David Lynch, the American prodigal son of surrealistic cinema, has his roots hung up in the depressing industrial background that Eraserhead finds itself confined. After a series of short movies, Eraserhead is Lynch’s first feature movie, albeit an homage to the Father of Surreal Cinema, Luis Buñuel, and the beginning of a new wave in American cinema—perhaps the Lynchien Cinema. Eraserhead is grave, menacing, and open to multiple interpretations, but is largely a movie that serves as a tribute to surrealism and a mockery of the inconsistencies prevailing in the society during the 60s and the 70s. Dark and twisted, the movie is a demolishment derby of human sexuality and desires signifying the trapped, caged predicament of humans beneath the qualms of duty, responsibility, and self-will. In all possibilities, David Lynch sees parts of his psyches in Henry Spencer (Jack Nance) drawing a surreal parallel between Lynch’s own condition during those years at the American Film Institute (AFI) and the condition of the docile, unresponsive being of a human.
Henry Spencer happens to execute the sanest expression of love to his girlfriend, Mary X (Charlotte Stewart), one unknown day. Consequently, Mary X gives birth to a child—a deformed child—and her mother (Jeanne Bates) forces the two to marry into a happy union. Nevertheless, this Spencer Jnr. is different. Resembling a human spermatozoon bandaged all the way up to his neck, young Spender Jnr. doesn’t eat anything, cries nonstop, and becomes a pain for its mother. Agitated, Mary decides to leave the premise and return to her parents leaving the child to Henry. The already poor soul trapped in a marriage not so perfect, a child who isn’t human, a Lady in the Radiator (Laurel Near) who enjoys stomping spermatozoon-like creatures, and a dangerous attraction to a Sexy Siren (Judith Anna Roberts) living opposite his room, Henry Spencer’s challenge has only just seen light. Repressing urges towards the sexual entity and controlling impulses to stomp upon the responsibility, Henry Spencer has now to tackle reality and crack a balance between his responsibilities and the imaginary world calling for him. It is Spencer vs. Spencer, literally—and one could draw multiple analogies in this Spencer saga!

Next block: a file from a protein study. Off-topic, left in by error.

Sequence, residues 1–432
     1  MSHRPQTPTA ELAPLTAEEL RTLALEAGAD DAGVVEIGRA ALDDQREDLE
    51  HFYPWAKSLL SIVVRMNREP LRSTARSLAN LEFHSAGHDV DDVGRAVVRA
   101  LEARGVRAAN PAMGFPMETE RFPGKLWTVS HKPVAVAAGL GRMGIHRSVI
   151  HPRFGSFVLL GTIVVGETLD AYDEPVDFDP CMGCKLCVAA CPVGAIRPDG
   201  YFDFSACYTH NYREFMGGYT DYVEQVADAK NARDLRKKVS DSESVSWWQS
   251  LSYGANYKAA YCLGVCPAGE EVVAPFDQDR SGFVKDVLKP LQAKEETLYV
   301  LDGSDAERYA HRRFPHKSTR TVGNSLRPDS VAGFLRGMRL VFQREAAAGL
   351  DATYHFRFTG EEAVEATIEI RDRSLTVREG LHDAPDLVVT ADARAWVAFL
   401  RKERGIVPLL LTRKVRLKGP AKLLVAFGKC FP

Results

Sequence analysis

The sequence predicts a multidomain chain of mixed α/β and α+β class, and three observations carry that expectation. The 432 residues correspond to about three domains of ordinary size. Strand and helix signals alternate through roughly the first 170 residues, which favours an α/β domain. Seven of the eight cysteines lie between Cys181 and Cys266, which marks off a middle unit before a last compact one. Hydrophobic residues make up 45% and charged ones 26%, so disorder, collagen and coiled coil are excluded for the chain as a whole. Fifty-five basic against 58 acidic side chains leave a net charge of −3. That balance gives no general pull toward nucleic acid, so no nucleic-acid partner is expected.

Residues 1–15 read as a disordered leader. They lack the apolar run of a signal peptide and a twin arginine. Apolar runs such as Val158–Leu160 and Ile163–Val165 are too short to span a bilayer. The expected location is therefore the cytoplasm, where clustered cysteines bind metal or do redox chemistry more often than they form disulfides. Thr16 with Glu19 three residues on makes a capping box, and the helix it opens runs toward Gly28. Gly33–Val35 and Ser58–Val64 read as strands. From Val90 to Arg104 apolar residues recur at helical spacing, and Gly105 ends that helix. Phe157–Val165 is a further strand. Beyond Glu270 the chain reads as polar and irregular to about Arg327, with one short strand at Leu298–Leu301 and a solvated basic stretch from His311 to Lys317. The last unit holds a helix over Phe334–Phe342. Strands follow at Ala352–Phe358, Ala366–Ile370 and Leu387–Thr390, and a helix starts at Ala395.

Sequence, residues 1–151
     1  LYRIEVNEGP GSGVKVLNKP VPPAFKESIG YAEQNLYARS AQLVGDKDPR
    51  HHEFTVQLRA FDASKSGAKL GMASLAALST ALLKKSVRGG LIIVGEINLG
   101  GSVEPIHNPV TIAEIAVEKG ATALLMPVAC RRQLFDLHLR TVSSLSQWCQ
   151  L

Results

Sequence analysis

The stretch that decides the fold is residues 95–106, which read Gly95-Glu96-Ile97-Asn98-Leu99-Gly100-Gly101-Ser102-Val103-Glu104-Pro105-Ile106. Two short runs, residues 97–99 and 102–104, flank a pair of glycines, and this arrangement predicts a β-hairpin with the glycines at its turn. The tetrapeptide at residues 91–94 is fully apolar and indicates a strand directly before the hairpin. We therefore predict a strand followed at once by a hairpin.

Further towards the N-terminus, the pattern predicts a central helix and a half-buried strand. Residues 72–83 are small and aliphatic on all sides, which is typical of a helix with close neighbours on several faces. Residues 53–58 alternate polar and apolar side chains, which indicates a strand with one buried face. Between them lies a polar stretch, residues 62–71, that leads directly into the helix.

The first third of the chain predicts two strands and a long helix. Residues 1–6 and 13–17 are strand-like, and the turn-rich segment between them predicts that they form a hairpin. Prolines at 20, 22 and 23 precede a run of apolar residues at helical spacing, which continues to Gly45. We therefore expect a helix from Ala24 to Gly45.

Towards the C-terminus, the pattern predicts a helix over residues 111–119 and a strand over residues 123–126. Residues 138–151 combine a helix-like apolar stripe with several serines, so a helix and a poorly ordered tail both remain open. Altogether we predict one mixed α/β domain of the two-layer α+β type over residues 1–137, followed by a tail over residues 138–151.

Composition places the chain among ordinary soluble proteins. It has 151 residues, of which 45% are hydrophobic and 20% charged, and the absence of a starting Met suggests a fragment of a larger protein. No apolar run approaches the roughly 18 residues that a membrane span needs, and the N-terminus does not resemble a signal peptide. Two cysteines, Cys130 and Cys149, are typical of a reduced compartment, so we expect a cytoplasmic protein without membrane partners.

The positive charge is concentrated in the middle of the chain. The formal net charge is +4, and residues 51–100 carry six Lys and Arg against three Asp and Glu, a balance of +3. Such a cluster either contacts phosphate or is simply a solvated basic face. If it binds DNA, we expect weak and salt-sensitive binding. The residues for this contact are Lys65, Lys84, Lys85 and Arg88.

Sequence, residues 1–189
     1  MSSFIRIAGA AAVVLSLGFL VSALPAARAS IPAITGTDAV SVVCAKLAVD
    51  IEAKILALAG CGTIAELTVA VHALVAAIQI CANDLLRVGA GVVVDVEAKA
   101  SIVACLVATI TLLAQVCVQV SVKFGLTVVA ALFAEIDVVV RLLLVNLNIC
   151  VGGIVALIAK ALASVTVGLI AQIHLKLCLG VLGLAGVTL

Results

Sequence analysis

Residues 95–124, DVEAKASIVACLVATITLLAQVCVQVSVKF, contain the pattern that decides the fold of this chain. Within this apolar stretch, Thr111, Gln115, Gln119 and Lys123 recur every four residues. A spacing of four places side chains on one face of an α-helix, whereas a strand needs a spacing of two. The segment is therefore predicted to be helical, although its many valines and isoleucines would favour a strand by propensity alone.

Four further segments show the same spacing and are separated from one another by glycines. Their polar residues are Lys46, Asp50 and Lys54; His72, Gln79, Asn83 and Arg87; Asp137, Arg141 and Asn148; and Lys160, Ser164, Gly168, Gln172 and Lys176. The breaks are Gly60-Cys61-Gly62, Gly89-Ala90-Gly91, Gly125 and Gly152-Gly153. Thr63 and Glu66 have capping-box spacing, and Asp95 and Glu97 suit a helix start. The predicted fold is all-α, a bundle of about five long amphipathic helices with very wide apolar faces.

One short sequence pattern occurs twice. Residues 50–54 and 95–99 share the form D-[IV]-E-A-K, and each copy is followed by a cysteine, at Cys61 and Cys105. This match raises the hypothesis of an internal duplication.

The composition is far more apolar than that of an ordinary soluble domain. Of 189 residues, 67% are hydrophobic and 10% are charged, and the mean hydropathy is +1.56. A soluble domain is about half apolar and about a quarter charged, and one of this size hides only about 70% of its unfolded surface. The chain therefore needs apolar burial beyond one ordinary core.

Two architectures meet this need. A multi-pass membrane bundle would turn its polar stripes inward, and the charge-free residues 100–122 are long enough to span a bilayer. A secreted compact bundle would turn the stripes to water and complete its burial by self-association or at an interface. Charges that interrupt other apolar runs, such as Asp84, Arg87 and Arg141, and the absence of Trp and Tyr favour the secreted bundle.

At the lowest echelon, Eraserhead is a surrealist film containing various undercurrent themes, especially tinges of sexuality and the call for freedom. Calling it mere surrealist cinema would be an understatement though. Deeper scrutiny suggests that it’s also a highly satirical film. Using the extraterrestrial components as sadistic humor, Henry Spencer is a character chained into this bizarrely uncomfortable mechanical setting, accompanied by the vileness of rot, dirt, compulsion, and disgust. Almost decaying in this condition, Spencer looks at the Lady in the Radiator as his escapist other half, and her destruction of the sperm-like creatures that fall from nowhere, without her consent—with a huge grin while stomping them—signifies Spencer’s core desire: to get rid of the duty, thus embarrassment thereon, of his deformed child.
The deformed child may just act as a motif representing a person’s attitude towards children, in general. Both Spencer and Mary seem to be more than willing to abandon the child. In the case of Mary, more so than Spencer, as she seems to have a straightforward will to remain free and devoid of such a burden, as she would explain. Spencer feels differently. He is stuck in the middle—willing to escape but not having the influence to do what he desires. Hence, he roams around in his own imageries. Dreaming at times of a world of surrealism, whilst sulking into the glooms of the everyday pangs repressing his desires, Spencer’s surrounding of the disjointed interior and the menacing exterior is a mere representation of his psychological state of affairs—equally disjointed and nauseatingly congested.